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People v. Jefferson

California Court of Appeals, First District, Fifth Division

July 2, 2015

THE PEOPLE, Plaintiff and Respondent, GREGORY JEFFERSON, Defendant and Appellant.

[CERTIFIED FOR PARTIAL PUBLICATION[*]]

Superior Court of Alameda County, No. C170682, Hon. Vernon K. Nakahara, Judge.

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[Copyrighted Material Omitted]

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[Copyrighted Material Omitted]

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COUNSEL

Thea Greenhalgh, under appointment by the Court of Appeal, for Defendant and Appellant.

Kamala D. Harris, Attorney General, Gerald A. Engler, Assistant Attorney General, Catherine A. Rivlin and Hanna Chung, Deputy Attorneys General, for Plaintiff and Respondent.

OPINION

SIMONS, J.

On January 18, 2012, Officer Anthony Tedesco observed defendant and appellant Gregory Jefferson placing an item-later determined to be a loaded and stolen firearm-under the driver’s seat of a gray Bentley that Jefferson had driven to the location. Jefferson then left that location in another car, as a passenger. At Tedesco’s request, that second car was stopped and Jefferson was found in possession of a second firearm that was legally registered to him. Approximately one year later, Jefferson was observed by a different officer exiting the same gray Bentley and placing a bag in the trunk of that vehicle. A subsequent search revealed a third firearm in that bag, also legally registered to Jefferson.

Based on the stolen firearm concealed in the Bentley, Jefferson was charged with carrying a concealed firearm within a vehicle and carrying a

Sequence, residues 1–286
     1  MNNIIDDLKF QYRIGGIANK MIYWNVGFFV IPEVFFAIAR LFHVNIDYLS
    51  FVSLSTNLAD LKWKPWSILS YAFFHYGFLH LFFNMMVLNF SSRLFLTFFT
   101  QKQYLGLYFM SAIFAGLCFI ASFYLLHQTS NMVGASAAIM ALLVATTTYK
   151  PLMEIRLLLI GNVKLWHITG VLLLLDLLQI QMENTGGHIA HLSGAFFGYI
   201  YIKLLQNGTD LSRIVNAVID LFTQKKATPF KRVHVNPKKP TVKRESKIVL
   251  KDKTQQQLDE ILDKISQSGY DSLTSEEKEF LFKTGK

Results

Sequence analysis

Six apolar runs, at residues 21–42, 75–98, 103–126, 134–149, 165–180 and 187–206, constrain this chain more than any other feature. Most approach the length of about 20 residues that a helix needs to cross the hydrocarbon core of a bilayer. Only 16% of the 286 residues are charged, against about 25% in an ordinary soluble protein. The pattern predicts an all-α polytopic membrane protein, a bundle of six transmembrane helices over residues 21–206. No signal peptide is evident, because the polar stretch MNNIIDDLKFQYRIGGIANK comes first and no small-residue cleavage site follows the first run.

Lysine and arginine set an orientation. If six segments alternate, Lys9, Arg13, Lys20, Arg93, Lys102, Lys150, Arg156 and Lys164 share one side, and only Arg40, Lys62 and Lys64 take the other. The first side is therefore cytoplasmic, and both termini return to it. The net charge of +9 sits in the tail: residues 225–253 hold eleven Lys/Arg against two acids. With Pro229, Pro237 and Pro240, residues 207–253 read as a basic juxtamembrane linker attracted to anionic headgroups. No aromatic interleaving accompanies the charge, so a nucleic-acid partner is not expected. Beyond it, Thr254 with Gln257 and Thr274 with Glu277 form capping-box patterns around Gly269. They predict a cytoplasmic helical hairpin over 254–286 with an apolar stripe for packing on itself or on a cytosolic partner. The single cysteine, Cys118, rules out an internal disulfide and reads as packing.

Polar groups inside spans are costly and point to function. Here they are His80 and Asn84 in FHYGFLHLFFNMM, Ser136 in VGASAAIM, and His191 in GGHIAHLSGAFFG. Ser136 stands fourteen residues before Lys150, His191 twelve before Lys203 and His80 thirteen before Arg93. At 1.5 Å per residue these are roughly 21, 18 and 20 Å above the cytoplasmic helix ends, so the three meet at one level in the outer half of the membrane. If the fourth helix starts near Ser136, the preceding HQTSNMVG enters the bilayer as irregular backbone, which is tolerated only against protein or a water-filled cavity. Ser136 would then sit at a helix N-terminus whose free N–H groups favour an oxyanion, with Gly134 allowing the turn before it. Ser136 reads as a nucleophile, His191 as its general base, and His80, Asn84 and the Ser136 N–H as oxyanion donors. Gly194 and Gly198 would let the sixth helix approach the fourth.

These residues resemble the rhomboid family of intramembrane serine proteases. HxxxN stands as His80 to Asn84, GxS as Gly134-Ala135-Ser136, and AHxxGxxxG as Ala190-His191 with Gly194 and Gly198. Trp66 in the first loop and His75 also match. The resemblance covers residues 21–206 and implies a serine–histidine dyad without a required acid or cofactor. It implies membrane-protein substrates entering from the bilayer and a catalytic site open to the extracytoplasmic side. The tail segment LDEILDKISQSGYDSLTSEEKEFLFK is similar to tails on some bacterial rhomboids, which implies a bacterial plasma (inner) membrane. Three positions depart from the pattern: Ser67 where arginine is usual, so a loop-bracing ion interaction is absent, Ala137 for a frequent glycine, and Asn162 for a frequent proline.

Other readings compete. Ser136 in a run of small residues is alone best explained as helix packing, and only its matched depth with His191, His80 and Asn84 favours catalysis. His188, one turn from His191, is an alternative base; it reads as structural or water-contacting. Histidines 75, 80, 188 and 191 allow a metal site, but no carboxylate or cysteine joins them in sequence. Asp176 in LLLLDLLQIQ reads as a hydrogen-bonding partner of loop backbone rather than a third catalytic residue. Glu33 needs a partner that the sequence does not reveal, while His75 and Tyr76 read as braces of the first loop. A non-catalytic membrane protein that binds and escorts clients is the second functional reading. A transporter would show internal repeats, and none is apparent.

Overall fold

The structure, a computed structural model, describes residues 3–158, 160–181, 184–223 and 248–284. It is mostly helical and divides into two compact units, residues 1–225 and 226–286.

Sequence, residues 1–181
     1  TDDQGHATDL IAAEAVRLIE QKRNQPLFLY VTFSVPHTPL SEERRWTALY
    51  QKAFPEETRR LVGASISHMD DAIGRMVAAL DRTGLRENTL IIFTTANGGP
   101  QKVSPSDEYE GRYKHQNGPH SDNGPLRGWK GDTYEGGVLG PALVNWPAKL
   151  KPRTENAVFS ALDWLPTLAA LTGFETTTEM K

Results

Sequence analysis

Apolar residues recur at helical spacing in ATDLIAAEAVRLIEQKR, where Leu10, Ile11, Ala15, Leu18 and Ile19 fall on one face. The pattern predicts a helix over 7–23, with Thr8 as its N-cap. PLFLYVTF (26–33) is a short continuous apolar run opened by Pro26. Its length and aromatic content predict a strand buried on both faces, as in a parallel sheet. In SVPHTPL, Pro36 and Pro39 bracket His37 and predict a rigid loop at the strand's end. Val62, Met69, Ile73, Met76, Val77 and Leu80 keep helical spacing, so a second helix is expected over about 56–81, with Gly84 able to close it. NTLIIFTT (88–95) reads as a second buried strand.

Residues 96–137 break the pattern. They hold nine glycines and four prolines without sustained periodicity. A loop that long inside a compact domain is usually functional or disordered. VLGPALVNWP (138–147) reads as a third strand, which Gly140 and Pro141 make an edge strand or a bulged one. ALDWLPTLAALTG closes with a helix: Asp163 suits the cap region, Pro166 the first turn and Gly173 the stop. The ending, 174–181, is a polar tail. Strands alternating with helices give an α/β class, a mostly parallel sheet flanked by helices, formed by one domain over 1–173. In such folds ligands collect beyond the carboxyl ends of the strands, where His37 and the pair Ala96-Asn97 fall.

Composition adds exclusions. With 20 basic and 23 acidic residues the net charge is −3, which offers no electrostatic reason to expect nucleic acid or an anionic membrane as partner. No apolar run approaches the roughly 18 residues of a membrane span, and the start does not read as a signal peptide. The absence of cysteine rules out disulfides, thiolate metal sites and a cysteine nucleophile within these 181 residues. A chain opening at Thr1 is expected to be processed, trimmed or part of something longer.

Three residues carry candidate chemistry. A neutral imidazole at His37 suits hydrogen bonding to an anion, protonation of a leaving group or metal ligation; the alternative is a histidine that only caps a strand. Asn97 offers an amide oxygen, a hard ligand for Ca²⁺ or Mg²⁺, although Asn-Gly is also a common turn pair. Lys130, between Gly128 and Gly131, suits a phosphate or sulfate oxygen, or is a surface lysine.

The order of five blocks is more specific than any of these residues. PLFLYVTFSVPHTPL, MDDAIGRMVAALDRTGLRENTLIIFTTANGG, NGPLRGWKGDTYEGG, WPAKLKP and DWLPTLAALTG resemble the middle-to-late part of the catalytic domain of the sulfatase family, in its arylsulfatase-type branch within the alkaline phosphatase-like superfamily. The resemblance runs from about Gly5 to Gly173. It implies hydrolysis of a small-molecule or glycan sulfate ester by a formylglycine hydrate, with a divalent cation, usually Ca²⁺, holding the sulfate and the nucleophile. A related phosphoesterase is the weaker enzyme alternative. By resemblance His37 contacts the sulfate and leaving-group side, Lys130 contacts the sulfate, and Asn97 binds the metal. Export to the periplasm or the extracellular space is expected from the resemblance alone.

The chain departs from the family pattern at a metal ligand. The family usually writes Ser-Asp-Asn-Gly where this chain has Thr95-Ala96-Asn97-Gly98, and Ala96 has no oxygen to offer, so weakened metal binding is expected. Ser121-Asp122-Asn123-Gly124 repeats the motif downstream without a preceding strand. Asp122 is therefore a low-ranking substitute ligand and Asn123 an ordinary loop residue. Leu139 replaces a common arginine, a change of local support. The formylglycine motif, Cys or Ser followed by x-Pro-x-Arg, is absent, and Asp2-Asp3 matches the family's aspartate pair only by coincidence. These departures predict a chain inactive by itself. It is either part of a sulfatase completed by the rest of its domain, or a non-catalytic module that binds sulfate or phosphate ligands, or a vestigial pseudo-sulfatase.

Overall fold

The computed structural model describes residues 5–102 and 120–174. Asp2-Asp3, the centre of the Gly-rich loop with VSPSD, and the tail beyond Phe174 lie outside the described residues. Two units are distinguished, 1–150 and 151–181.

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loaded firearm in public. At trial, the court permitted the prosecution to introduce evidence of Jefferson’s possession of the two legally registered firearms to prove he had control over the charged firearm and to prove his knowledge that firearm was stolen. In the published portion of this opinion, we conclude the court abused its discretion in failing to exclude the registered firearms evidence. The error was harmless, except with respect to the jury’s true findings on special allegations on both counts that Jefferson had reasonable cause to believe the charged firearm was stolen. We reverse the true findings on those special allegations, and affirm in all other respects.

I. Factual and Procedural Background

Jefferson was charged, by information, with carrying a concealed firearm within a vehicle (Pen. Code, § 25400, subd. (a)(1); count one)[1] and carrying a loaded firearm on one’s person in a city (§ 25850, subd. (a); count two). With respect to count one, it was alleged the firearm was stolen and Jefferson knew or had reasonable cause to believe it was stolen. (§ 25400, subd. (c)(2).) It was further alleged the firearm was loaded and not registered to Jefferson. (§ 25400, subd. (c)(6).) With respect to count two, it was alleged that the firearm was stolen and Jefferson knew or had reasonable cause to believe it was stolen (§ 25850, subd. (c)(2)), and that the firearm was not registered to Jefferson (§ 25850, subd. (c)(6)).

At trial, Oakland Police Officer Anthony Tedesco testified that, on January 18, 2012, around 6:00 p.m., he was conducting undercover narcotics surveillance on 64th Avenue Place in Oakland. Using binoculars, Tedesco observed a man later identified as Jefferson drive a gray Bentley to the dead-end street, park about 30 yards away from Tedesco, and remain seated in the car for around 20 minutes before exiting and walking across the yard of a nearby house. As Jefferson approached the front door of the house, Tedesco lost sight of him for a minute or two. During that time, Tedesco heard a door open and close and the sound of a small metal object being dropped on what sounded like sheet metal.